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Day of the Dead (Día de los Muertos) Tours & Trips

Día de los Muertos, also known as Day of the Dead, is a multi-day Mexican celebration of the dead—a unique combination of remembrance and carnival. 

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Mexico's Day of the Dead Celebrations

  • Mexico City Zocalo

    Thousands of people gather in Mexico City’s historic Zocalo (public square) during the Day of the Dead festivities. Festivities include a parade of people dressed as female skeletons and street parties that last all night long. The centre is fabulously decorated with altars where an extravagant altar contest is held annually. Day of the Dead altars are also the focal point of many prominent museums and public spaces. The most noteworthy museums to visit are the Diego Rivera Museum and the Culture Museum in Coyoacan. Major vigils are held in some of the city’s largest cemeteries including Bosque de Chapultepec and Panteón Civil de Dolores.
  • San Andrés Mixquic

    One of the most famous celebrations takes place in San Andrés Mixquic which is located in Mexico City’s southern Distrito Federal. Every year thousands of people visit the San Andrés Mixquic which has very strong indigenous roots and is famous for its display of skeletal dolls, vibrant masks, marigolds and of course for its lively Day of the Dead celebrations. The town becomes spirited and alive with excellent street stalls and food, altars, processions and parties. Prior to the festivities, primary school children build altars with their teachers. These altars are on public display at the Cristobal Colon Primary School near the Church of Saint Andrew.
  • Oaxaca

    Day of the Dead is a magical time to spend in Oaxaca City in the southern Mexican state of Oaxaca. Many of the dedicated altars you will see in Oaxaca are truly works of art. Organizations and schools across the city hold contests for the best altars each year which are fun displays to check out and get you in the holiday spirit. Leading up to the celebrations, the local markets are packed full of locals shopping for all the necessary decorative items for their altars. If you arrive in Oaxaca early, we recommend visiting 20 de Noviembre Market or the Central de Abastos Market just south of the city center.

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Day of the Dead Facts

  • When is Day of the Dead in Mexico?

    Day of the Dead is a 3-day holiday which spans from October 31st to November 2nd. Family and friends gather to pray, remember, honour and celebrate deceased friends and family, and to support them in their spiritual journey.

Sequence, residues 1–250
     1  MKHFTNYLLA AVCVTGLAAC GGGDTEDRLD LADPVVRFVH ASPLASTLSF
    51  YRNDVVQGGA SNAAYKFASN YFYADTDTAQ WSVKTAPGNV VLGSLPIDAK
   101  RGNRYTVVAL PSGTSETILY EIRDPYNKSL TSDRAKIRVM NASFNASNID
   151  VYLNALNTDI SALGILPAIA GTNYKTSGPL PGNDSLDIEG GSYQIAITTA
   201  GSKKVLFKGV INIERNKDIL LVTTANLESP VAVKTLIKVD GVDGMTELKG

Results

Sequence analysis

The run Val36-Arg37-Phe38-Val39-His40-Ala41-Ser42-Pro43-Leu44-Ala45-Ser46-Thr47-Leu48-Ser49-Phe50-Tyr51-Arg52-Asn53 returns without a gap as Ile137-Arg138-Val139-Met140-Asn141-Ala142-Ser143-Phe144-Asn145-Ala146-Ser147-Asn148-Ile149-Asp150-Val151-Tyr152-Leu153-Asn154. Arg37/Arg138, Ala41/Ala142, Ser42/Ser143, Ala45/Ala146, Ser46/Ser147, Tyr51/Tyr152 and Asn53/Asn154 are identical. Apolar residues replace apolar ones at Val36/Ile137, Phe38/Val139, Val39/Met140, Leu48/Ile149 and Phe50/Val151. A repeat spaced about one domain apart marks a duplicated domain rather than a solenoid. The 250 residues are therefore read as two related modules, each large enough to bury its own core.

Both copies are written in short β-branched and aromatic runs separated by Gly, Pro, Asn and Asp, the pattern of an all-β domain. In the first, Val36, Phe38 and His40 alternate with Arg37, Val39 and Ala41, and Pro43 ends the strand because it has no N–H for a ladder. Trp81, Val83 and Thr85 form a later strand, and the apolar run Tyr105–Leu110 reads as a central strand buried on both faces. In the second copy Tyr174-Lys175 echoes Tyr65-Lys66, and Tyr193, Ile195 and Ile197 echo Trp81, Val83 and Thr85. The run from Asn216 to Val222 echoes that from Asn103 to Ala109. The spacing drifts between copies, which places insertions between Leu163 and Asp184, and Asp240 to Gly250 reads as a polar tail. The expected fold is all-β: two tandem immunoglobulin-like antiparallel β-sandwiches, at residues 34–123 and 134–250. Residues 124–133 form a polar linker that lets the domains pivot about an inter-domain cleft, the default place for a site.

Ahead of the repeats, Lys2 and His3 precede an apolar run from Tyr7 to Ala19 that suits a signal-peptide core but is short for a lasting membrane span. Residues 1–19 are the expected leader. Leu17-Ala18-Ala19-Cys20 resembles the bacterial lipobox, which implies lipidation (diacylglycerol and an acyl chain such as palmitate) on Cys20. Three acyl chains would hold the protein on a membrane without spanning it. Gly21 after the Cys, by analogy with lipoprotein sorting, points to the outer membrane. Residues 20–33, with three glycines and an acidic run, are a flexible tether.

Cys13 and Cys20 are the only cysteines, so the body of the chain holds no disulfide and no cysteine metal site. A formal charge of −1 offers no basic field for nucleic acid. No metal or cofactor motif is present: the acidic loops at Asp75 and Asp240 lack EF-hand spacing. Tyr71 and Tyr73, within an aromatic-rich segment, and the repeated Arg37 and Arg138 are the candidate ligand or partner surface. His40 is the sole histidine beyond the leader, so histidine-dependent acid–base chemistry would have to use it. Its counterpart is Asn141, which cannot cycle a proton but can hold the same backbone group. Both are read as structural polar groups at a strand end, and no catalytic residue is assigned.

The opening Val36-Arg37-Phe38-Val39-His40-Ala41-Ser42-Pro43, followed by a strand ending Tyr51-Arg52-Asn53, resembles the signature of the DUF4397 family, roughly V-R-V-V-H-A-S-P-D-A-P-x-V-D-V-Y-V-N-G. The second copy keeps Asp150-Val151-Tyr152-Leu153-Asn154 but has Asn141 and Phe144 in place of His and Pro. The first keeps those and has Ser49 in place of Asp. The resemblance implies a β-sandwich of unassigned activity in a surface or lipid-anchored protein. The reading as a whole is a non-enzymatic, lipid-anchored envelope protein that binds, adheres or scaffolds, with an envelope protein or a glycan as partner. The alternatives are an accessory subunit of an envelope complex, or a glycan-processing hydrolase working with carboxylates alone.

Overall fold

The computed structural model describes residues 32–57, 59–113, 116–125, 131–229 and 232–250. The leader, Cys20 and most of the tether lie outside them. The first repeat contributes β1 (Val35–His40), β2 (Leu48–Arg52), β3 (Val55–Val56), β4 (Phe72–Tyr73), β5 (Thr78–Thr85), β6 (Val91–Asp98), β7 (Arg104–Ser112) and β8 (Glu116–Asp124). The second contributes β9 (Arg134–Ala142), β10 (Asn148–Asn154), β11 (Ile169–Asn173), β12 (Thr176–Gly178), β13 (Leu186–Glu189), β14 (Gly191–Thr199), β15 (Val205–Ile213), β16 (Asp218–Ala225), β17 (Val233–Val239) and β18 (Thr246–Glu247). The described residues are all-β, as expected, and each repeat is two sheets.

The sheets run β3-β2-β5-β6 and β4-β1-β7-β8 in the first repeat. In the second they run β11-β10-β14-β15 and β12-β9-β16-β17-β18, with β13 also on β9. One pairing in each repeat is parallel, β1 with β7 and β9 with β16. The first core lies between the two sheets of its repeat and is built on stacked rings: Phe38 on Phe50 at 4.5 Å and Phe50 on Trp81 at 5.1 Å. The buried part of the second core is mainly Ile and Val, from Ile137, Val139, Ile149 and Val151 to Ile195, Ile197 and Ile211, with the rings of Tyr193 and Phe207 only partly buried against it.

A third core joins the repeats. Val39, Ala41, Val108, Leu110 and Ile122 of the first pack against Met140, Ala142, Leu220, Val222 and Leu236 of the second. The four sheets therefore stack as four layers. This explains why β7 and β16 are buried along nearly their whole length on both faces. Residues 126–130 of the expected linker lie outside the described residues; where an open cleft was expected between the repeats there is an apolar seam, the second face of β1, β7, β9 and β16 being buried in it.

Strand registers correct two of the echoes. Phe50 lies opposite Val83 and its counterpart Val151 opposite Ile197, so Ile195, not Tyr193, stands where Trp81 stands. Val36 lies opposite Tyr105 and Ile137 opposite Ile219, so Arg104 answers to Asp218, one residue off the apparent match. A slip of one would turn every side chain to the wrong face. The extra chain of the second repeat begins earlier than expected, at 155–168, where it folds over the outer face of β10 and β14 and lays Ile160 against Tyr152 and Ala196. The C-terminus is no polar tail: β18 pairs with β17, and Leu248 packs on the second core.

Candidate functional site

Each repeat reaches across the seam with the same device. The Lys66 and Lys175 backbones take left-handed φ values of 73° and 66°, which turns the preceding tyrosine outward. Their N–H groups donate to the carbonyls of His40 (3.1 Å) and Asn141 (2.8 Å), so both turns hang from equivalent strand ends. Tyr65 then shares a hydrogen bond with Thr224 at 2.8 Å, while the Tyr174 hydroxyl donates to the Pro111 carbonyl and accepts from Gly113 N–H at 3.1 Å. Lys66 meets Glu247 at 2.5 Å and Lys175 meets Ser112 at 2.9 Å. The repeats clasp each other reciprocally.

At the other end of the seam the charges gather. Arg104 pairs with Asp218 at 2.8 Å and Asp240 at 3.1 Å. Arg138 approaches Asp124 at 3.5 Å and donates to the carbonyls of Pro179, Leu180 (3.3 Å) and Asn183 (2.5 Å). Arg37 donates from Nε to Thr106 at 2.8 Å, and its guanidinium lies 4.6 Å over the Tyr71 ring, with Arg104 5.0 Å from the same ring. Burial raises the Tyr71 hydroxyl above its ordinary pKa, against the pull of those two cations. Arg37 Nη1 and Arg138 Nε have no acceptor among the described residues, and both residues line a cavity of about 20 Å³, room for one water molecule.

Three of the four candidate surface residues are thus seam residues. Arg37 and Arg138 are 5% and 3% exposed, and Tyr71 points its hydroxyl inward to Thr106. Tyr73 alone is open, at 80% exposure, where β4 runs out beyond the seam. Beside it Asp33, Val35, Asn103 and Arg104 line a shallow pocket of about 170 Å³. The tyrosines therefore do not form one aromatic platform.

• How did Day of the Dead start?

    Day of the Dead celebrations date back to pre-Hispanic times and arose from the ancient traditions of pre-Columbian cultures some 2,500 years ago. Historically the holiday was celebrated in the summer for an entire month during the ninth month of the Aztec calendar. The celebrations honoured the goddess, Lady of the Dead. Over time the celebration shifted to October and November to coincide with All Saints’ Eve, All Saints’ Day and All Souls’ Day.
  • What happens on Day of the Dead?

    While one may imagine a holiday dedicated to the dead to be dreary, on the contrary, this holiday is incredibly joyful and colorful. The festivities are filled with dancing, carnivals, incredible costumes, parades, traditional food, beautiful marigold flower displays, iconic altars and cemetery celebrations at the gravesites of loved ones. One of the most prominent traditions is the building of altars called “ofrendas” which honor the deceased.
  • What are the traditions of Day of the Dead?

    One of the most prominent traditions is the building of altars called “ofrendas” which honor the deceased. The altars are decorated with marigolds, sugar skulls, cardboard skeletons, incense, and the favourite treats, food and drinks of the individual that particular altar is dedicated to. Families often then deliver these gifts along with other possessions of the deceased to their gravesite as they celebrate their lives in the cemeteries. 
  • Why is Day of the Dead celebrated?

    By the late 20th century, the tradition evolved to honoring deceased children on November 1st and deceased adults on the 2nd. On October 31st, children gather to make children’s altars dedicated to dead children, inviting the spirits of the dead children to come back and visit. November 1st is dedicated to the celebration and visit by adult spirits. November 2nd is All Souls’ Day where families visit and decorate the graves and tombs of relatives.
  • What are common Day of the Dead symbols?

    The icon of Day of the Dead is La Calavera Catrina, translating to Elegant Skill. She originates from a zinc etching by a famous Mexican printmaker named José Guadalupe Posada which was composed in the early 1900s. The image depicts a female skeleton donning a European hat worn by the upper class of that time. Her image is a satirical portrait of the Mexicans who Posada felt were aspiring to adopt the aristocratic European traditions.

Day of the Dead Essentials

  • Book accommodations early, hotels and hostels fill up quickly
  • Get in the spirit by donning a traditional Day of the Dead costume and/or makeup
  • When visiting cemeteries, be respectful of the families honouring the dead
  • Ask permission before taking photos in the cemeteries
  • Do not travel with non-authorized taxis
  • Plan extra time before or after the celebration to explore Mexico

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